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New Communist Party of Britain

adopted December 2015

Manufacturing

Manufacturing is probably the most valuable sector to the British economy because of its contribution to exports, and the dependence on it of every other sector of the British economy such as transport, retail, banking and other financial services. Irrespective of its decline, manufacturing is still the most important sector in generating new wealth and is 25 per cent more important to the economy than the finance sector.

Manufacturing spawns a lot of other activities. The making of manufactured goods leads to factories being built, maintained and tooled, the goods need to be transported to retail outlets or exported, they need to be sold, bought, insured, fuelled and repaired by trained workers. The trained workers need good health and a thorough education all of which requires health workers and teachers. The money that is used to fund these activities circulates and is managed within the financial services sector whether it be the provision of vehicle insurance, loans, overdraft facilities, foreign exchange facilities or other banking activities such as looking after workers’ wages or pensions.

In 2013 the approximate Gross Value Added at basic prices (GVA) of the UK Non‑Financial Business Economy was over £1,000 billion representing the income generated, less the cost of goods and services used to create it. Production amounted to £223 billion, distribution £153 billion, construction £80 billion and Non‑Financial Services amounted to £554 billion. While the contribution of manufacturing to GDP has declined on paper, many of the services provided to manufacturing were once considered part of manufacturing, such as catering, cleaning, building services, security and computing etc are now allocated into different areas of the economy.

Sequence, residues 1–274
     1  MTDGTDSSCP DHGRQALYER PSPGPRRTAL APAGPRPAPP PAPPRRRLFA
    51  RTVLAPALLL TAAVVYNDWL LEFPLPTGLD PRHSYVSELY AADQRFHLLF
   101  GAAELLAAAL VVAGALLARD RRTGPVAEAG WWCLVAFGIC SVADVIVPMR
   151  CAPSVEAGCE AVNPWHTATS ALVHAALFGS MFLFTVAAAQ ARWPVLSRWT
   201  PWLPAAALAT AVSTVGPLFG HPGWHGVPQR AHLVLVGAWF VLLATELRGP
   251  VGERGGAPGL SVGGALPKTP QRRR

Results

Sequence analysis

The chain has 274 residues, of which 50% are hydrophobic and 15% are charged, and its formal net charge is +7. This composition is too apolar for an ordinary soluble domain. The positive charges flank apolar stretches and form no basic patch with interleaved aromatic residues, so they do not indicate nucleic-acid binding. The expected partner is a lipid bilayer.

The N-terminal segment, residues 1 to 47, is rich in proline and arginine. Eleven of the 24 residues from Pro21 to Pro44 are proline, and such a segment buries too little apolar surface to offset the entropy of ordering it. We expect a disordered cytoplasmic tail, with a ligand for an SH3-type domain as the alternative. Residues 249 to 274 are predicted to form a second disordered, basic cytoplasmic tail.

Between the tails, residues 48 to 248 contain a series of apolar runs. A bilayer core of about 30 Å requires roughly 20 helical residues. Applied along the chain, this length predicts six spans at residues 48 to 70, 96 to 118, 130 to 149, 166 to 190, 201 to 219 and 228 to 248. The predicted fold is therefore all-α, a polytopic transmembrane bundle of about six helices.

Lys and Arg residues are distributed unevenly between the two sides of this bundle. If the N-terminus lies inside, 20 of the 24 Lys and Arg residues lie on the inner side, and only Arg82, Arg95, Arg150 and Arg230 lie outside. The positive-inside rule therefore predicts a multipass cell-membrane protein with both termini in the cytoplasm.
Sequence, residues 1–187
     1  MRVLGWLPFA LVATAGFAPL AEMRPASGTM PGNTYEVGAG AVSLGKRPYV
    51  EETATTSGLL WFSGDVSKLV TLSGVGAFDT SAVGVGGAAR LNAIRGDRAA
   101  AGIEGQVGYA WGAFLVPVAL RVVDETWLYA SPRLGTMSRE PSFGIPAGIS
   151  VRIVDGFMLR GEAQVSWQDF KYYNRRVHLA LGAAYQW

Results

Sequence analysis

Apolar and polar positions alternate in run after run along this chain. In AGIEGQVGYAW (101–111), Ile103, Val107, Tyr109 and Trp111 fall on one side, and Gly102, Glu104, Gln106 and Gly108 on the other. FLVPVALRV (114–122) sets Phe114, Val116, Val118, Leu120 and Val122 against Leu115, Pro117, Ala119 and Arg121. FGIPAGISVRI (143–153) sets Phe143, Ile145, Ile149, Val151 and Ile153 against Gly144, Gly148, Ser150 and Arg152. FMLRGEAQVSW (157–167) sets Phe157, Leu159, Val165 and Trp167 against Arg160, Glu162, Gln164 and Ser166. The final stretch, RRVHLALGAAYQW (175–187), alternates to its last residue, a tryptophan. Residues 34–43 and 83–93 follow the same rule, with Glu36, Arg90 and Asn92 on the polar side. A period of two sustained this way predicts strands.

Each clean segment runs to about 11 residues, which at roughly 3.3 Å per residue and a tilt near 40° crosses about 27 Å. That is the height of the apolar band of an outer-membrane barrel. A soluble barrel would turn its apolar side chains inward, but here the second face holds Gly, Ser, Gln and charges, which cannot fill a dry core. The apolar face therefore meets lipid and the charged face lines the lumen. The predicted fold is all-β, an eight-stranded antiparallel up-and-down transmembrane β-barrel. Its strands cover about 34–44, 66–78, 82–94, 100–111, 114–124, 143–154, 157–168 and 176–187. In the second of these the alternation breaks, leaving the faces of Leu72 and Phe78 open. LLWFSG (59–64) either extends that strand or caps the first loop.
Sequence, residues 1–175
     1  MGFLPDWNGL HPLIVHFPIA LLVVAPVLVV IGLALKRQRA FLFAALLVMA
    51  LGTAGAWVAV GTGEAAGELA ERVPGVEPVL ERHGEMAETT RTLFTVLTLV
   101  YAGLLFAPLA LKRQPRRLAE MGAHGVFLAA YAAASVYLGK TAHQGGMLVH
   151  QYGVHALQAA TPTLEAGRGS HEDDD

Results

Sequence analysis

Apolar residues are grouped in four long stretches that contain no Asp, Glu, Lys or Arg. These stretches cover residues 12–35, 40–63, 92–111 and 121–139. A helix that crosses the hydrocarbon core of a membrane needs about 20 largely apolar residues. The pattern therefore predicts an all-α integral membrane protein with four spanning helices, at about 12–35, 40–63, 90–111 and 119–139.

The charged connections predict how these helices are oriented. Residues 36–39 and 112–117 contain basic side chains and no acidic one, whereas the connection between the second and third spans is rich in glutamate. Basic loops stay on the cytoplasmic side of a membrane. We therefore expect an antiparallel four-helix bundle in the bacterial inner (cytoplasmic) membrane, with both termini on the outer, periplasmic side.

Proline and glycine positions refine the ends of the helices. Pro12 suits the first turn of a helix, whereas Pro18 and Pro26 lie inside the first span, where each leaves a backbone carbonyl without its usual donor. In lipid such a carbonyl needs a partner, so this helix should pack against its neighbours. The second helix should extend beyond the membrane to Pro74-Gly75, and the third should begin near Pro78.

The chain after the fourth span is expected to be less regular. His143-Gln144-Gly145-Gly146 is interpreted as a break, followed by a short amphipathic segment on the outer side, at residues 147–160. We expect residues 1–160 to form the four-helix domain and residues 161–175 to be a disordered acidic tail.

In contrast in 2011, the financial and insurance services contributed £125.4 billion in gross value added (GVA) to the UK economy, significantly less than manufacturing. In terms of jobs there are about 1.1 million employed in financial and insurance services and about 38 million elsewhere, so the spending power of those working outside of the financial and insurance services sector is significantly more.

The Office for National Statistics found that even though just eight per cent of jobs are in manufacturing, compared to 25 per cent in 1978, overall manufacturing output has actually increased.

The change in manufacturing output over the long term is determined primarily by changes between labour and capital. An increase in either of these tends to lead to an increase in output, manufacturing has increased output despite a fall in the number of jobs and without a significant increase in capital. This intensification of work has resulted in productivity growing by 2.8% on average per annum since 1948 — compared with 1.5% for the services industry. Though since the crisis of 2007 the rate of increase of productivity has slipped significantly.

The mounting loss of highly skilled engineering jobs and closure of world‑class engineering factories is resulting in a loss of skills which will be very hard to replace. There is also the lost opportunities to reduce workers' workload and improve work‑life balance.